Writing a novel is a time-consuming, emotionally draining and often lonely job. As a wanna-be-published writer, some days I wonder if I am crazy for trying to write a novel, especially given the daunting task of snagging a publishing contract and then marketing the darn thing if and when it is published. It was on one of those doubting days that I was invited to participate in this blog tour. (This is my first invitation to join a blog tour. It’s like being in high school and some cool kid finally notices you and invites you to a party. You mean me? Really? Yipee!)
The My Writing Process blog tour aims to direct readers and writers towards new books and friends. When you are invited to participate, you simply answer the four questions below and then pass the torch on to three fellow writers.
But, first of all, a big Thank You to Donna L. H. Smith, who nominated me for the My Writing Process blog tour. Do take a moment to check out her website.
And now, without further ado, let the tour commence!
1) What am I working on?
I spent the last year and a half writing a historical suspense novel, working title The Jackal’s Prey, which I have just sent out to beta readers. While I wait for their input, I am concentrating on some smaller projects.
One of those is focusing on my blog: everything from reevaluating my purpose statement, to learning a little more about html to reading the advice of expert bloggers (and actually applying some of it!) I am also trying to figure out where my niche is within the blogosphere, which means I’m trying to find, and follow, some blogs similar to mine. (Easier said than done.)
In addition, I will be writing several drama sketches for an upcoming Christmas outreach event, and dusting off a melodrama I wrote several years ago, in order to actually submit it to drama publishers. (It was staged again last spring and the actors all encouraged me to pursue this.)
And then there’s the idea for my next novel, simmering away in the back of my brain—a historical mystery featuring a brother-sister duo, set during the time of Acts.
2) How does my book differ from others in its genre?
Most Christian historical fiction set in the first century feature some character mentioned in the Bible. Either the author takes an obscure character, like Barabbas or the man born blind, and weaves an interesting story about them, or the author brings a cast of fictional characters into contact with Jesus himself. I enjoy these books, but I wanted to do something a little different.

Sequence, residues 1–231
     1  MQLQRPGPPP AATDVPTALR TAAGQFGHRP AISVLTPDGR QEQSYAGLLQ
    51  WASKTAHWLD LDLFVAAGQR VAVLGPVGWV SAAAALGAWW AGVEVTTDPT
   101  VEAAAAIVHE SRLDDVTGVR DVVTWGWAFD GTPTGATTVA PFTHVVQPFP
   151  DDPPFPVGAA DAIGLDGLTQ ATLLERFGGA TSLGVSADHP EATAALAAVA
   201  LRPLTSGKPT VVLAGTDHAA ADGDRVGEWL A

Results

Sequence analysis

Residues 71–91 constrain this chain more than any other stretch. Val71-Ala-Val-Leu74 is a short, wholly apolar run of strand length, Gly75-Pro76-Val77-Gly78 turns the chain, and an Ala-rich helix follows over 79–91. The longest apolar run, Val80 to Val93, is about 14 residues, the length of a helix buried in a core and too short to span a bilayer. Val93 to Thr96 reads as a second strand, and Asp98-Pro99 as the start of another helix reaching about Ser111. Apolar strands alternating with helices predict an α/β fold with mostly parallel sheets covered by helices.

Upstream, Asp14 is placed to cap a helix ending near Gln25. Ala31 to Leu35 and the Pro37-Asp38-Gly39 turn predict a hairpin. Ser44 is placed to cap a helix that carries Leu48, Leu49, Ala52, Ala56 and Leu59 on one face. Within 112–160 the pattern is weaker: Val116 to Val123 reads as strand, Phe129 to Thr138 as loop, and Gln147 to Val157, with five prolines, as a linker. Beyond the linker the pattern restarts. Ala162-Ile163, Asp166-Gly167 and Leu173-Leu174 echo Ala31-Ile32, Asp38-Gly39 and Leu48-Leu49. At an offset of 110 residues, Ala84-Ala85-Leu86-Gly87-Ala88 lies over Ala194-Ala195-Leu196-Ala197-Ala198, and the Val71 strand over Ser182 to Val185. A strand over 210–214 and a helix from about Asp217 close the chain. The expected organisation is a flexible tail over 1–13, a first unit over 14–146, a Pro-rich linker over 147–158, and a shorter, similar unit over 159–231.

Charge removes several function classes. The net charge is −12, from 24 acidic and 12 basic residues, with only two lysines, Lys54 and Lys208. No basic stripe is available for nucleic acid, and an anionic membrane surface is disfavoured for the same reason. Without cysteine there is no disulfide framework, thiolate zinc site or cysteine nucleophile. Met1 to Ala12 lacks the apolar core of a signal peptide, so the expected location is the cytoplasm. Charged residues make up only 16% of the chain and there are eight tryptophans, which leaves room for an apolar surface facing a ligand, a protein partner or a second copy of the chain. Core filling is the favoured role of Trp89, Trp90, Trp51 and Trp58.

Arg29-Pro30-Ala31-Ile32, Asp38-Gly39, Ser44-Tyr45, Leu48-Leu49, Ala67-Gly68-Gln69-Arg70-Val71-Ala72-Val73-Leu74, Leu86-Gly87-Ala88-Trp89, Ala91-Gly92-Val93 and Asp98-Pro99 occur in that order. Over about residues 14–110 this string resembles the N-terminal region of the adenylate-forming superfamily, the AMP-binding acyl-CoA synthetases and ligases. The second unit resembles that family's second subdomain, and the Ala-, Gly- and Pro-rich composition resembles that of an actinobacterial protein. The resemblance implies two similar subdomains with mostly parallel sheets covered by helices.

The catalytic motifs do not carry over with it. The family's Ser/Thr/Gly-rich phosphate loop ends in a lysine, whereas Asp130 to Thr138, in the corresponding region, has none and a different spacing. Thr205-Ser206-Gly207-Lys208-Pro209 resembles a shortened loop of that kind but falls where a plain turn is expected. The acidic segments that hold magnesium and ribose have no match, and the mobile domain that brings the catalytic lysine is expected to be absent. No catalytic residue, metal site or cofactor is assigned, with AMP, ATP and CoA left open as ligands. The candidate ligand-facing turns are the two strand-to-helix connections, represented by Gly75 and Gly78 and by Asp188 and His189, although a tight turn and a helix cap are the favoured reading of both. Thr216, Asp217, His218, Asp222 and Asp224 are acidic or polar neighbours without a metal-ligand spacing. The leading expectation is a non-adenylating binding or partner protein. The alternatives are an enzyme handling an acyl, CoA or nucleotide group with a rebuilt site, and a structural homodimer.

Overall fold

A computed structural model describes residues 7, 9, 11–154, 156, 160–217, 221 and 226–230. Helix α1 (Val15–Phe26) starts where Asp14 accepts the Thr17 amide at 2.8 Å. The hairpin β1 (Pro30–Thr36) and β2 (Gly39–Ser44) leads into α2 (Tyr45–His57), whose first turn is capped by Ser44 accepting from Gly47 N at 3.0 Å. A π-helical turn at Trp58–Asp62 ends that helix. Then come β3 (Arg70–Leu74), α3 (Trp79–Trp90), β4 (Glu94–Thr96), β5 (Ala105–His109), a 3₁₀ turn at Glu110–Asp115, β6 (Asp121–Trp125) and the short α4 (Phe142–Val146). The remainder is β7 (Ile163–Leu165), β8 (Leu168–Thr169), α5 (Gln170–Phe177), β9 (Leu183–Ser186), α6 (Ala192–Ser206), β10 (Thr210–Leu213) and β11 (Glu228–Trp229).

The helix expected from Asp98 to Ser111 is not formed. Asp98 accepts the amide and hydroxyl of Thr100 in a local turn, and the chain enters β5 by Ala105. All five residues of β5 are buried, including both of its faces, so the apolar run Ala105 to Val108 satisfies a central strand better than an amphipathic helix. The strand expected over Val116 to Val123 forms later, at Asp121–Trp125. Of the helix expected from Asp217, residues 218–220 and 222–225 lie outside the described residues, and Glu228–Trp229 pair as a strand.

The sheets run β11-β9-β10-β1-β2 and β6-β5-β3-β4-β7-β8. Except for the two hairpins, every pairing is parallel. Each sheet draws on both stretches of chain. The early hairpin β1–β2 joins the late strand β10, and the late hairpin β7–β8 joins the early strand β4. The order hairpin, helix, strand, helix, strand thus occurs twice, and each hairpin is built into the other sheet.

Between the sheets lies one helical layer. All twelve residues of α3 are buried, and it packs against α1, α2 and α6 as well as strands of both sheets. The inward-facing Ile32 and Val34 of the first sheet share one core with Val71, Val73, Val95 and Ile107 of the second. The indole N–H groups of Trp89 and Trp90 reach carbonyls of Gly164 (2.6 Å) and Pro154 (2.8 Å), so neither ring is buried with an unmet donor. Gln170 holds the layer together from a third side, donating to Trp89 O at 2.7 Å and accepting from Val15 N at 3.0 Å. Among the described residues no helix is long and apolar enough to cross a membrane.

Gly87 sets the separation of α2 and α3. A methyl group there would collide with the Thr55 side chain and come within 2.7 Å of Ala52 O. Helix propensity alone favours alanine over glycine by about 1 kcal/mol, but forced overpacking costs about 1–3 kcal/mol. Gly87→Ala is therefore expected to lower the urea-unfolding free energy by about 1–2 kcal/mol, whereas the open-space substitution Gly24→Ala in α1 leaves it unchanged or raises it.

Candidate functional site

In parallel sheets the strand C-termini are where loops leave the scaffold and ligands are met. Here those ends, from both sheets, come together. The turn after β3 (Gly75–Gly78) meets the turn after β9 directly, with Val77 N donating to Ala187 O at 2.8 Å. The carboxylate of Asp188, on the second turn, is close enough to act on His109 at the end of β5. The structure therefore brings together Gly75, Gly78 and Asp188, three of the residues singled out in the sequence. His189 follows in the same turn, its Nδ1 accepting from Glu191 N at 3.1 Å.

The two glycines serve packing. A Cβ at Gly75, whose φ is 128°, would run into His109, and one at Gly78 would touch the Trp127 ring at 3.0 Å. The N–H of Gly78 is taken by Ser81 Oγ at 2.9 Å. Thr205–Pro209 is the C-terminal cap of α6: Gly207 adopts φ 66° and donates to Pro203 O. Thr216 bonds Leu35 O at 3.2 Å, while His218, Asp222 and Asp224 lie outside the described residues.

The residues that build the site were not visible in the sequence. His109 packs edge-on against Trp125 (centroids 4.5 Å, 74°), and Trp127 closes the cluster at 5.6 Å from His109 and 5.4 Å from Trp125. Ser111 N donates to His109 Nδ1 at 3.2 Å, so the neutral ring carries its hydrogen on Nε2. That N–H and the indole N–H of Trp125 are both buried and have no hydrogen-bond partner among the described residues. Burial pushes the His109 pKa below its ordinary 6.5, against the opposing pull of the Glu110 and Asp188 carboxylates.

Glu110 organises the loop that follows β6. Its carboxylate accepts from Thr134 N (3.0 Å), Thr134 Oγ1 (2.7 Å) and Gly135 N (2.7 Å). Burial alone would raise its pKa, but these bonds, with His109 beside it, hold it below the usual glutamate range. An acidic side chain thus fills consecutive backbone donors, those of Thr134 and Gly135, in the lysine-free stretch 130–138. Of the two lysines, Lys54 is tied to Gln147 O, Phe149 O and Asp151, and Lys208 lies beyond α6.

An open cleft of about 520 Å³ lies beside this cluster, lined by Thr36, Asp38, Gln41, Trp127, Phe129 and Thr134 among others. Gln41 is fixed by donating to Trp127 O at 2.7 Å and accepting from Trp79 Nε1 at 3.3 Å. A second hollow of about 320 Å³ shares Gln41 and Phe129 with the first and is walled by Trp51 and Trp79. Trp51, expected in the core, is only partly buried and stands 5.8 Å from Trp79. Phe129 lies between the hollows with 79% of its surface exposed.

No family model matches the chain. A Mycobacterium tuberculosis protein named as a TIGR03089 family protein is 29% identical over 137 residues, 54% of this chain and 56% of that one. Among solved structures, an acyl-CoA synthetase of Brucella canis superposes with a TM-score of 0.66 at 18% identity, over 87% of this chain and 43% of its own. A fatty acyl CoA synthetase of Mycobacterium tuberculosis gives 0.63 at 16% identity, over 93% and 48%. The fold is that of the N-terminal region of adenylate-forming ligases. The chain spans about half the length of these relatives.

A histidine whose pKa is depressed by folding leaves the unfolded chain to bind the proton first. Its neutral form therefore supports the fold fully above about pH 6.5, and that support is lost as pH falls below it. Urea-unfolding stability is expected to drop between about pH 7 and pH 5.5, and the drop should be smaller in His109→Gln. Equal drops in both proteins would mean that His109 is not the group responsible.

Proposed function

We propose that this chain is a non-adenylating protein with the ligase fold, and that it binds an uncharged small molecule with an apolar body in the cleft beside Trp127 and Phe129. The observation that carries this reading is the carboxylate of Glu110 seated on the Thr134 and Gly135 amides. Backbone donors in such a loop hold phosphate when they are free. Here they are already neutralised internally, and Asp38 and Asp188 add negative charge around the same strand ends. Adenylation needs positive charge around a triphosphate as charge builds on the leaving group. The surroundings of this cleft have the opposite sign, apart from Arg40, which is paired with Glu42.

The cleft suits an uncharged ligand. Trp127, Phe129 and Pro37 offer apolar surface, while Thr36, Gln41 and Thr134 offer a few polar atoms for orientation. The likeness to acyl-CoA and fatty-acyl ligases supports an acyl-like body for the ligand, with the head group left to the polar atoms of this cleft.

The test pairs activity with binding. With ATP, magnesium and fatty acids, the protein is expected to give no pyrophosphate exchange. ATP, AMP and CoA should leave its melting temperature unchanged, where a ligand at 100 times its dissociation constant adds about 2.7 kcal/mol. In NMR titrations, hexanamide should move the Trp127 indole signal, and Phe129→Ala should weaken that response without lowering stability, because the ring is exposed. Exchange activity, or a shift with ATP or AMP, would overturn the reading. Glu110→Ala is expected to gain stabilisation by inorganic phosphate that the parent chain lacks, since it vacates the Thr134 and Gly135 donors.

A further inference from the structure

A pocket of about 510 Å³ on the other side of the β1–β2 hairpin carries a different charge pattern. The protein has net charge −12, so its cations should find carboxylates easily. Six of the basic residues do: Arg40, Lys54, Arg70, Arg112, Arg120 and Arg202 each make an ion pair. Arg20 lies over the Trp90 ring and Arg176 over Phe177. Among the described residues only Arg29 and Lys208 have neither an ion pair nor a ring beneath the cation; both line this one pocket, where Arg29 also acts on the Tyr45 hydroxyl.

My book is set just after the fall of Jerusalem in 70 AD, which means it occurs after the events described in the gospels and Acts. This must have been a tough time for Jews (the ones who survived), because they faced increased persecution and surely wondered where God was in this disaster.
My two main characters are a young Jewish man whose world has been turned upside down by the war and its aftermath, and a retired Roman centurion who fought in the war and has a personal vendetta against Jews. What would happen if the Jewish man is unjustly enslaved and finds himself serving the Roman soldier? And, how might that relationship change if the young Jewish man becomes a Christian? And what if that new outlook enabled him to work together with the Roman he once hated in order to overcome a common enemy?
Some of my competition. How intimidating
3) Why do I write what I write?
Mostly, I am writing the kind of book I like to read. I have loved reading historical fiction since before I knew that’s what I was reading, so it’s only natural to attempt writing a historical novel, despite the extra challenges that poses. In addition, I have a passion for learning about first century history because it informs the context of the New Testament.
I prefer action and suspense to romance, so I wanted to write a book for others who would rather skip the mushy stuff and get on with the plot. But I’m not writing breathless action with cardboard characters. My hope is that readers will identify with the characters and their struggles despite the differences in time and culture, and be challenged to consider the truths my characters wrestle with.
4) How does my writing process work?
I have read several different books on “how to plot” and they all make sense—until I try applying a given method to my story. That’s when I get frustrated and decide to stop obsessing over it and just keep writing. For this novel, I started with a timeline on a large piece of paper that covered the dining room table. I added Post-it notes for events that needed to happen, starting with the major turning points, then filling in possible steps to get from one to the next. I also included notes listing the various questions I had about those events or their implications. This gave me enough of a plot outline to begin writing.
I also made character sketches of all the important characters, including physical description, temperament, issues, fears, dreams, and pertinent backstory. I started there, but as the story took shape, the real character emerged and I adapted as needed.
Somewhere along the line I ran across the advice, “never go with your first idea.” (Orson Scott Card, I think.) I have found this to be true in my writing, as my first attempt at a novel can prove. Whenever I am not sure how to get from point A to point B, what works best for me is to write down every possible scenario I can think of, no matter how stupid or far-fetched. Usually, as I am jotting down the fifth or sixth idea, I find one that makes strategic sense and go with it.
Thanks for reading!
Now I will pass the ‘torch’ on to three other awesome writers and bloggers. They are: